Managing Your Pain
The information in this section is made available through the generous support of Dr. Grant Stevens.
After our surgeries we can all expect to feel some discomfort and/or pain. The Pain Scale, used by many hospitals, is a way for the doctors and nurses to help keep your pain in check and to help keep you as comfortable as possible.
They will ask you, usually in the recovery room, what your pain level is and unless you're familiar with it, you may not know what they are talking about. Usually before surgery they will explain it to you, but when you're getting ready to be wheeled into surgery, learning something new isn't always high on your list of things to do.
One of our members, Diana, who also happens to be an RN, was kind enough to put the Pain Scale into simple and easy-to-understand terms for us. She also had some wonderful tips to share with all of us about pain medication and how to better manage your pain.
The Pain Scale:
0 - no pain
1 - slight pain - maybe if you bump it
2 - some noticeable pain - dull ache, able to sleep through it
3 - beginning to be uncomfortable, even at rest
4 - uncomfortable pain - sharp
5 - definitely hurts - sweating, cant sleep, focused on the pain
6 - sharp shooting pain, hard to sit still, profuse sweating, flushed
7 - agitation, pacing, still able to converse
8 - answers only with yes/no,
9 - frantic movement, answers few if any questions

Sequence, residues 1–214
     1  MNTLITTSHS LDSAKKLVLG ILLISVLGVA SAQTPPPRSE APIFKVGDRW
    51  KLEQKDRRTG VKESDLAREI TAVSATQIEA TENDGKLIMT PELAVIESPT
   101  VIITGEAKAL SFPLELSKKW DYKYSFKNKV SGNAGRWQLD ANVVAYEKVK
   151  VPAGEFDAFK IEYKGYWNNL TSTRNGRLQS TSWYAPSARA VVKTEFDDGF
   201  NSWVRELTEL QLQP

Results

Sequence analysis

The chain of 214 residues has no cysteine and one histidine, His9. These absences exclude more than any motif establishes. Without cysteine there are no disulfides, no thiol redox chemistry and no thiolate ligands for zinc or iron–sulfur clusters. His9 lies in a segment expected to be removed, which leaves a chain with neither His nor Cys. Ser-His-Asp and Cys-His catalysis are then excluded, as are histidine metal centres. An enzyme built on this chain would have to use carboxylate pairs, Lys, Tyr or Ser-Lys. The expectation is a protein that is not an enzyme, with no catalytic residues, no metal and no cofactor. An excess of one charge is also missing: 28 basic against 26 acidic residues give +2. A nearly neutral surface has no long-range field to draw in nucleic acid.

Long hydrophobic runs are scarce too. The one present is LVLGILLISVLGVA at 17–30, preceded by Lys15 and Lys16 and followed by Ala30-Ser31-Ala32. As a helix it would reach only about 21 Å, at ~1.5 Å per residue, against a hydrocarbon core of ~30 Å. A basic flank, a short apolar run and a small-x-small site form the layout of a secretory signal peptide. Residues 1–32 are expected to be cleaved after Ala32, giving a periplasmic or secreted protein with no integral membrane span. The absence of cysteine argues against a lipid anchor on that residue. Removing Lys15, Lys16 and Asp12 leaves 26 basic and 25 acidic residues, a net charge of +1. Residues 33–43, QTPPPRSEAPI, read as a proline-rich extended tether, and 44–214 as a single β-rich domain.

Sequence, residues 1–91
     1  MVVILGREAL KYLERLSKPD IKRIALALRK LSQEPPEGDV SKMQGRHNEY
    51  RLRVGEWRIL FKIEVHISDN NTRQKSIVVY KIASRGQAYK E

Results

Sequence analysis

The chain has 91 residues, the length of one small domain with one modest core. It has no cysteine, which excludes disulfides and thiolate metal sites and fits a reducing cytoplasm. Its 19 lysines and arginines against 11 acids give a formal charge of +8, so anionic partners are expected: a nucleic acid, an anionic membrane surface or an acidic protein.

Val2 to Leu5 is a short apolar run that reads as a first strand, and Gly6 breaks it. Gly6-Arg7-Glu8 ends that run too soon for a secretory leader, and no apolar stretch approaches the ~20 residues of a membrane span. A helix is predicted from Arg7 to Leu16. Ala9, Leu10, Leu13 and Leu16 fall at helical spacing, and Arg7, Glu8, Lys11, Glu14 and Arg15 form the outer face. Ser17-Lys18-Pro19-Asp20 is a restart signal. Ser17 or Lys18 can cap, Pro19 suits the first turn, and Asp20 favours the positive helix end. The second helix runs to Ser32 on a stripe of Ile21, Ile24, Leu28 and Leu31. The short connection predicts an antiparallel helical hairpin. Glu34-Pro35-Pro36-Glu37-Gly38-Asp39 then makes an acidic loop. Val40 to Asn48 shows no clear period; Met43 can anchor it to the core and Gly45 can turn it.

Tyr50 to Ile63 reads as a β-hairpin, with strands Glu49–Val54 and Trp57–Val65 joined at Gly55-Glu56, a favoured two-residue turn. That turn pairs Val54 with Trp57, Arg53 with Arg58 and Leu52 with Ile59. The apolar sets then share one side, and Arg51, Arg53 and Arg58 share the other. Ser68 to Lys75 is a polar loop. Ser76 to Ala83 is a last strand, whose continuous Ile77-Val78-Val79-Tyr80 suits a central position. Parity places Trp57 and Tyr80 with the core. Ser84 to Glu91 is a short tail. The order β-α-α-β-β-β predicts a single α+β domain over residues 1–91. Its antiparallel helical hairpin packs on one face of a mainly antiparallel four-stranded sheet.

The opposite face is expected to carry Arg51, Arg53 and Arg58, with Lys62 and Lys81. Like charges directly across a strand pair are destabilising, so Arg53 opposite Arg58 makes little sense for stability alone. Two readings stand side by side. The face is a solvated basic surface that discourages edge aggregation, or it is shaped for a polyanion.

10 - writhing agony, oblivious to any external events, incoherent
Tips to manage your pain:
In the hospital and after you get home, always stay on a schedule when taking your pain medication. It keeps the pain in check. Pain will take away the body's ability to heal itself quickly. So, even if you don't hurt too badly, take your pill every "x" hours as prescribed by your doctor. If you wait until your pain is at a "5" on the Pain Scale then it's going to take you longer and more medication to get you down to a "1 or 2," which should be a more bearable region. So don't react to the pain...PRE-MEDICATE! So many people under-medicate because of the fear of getting hooked on drugs. Getting hooked on pain medication during the short amount of time that someone has stitches, drains, and bruised breasts is very unlikely. Only in a pre-existing condition would this be a concern.
Many patients complain of nausea after taking Vicodin, Percocet, Percodan, Codeine, Darvocet, etc. The trick is to EAT something prior to taking the medication. Eating may be the last thing you want, but the nausea from taking the medication on an empty stomach can be very frightening and bothersome, and you don't want to be retching with fresh stitches and being newly post-op. Good things to eat are graham crackers, bananas, milk, and bread. It doesn't have to be a huge amount, but enough to coat your stomach.
You should also be aware that pain medications can sometimes cause you to be constipated. To manage this better, eat bulky foods like vegetables, bran cereal, and fruit, and you can ask your doctor what over-the-counter laxative he/she recommends.
As with ANY surgery, you will experience some pain and discomfort, and everyone has a different pain tolerance. The most important thing is to be aware of your pain and manage it so you're able to relax and go through the healing process as comfortably as possible.
The Pain Scale Diagram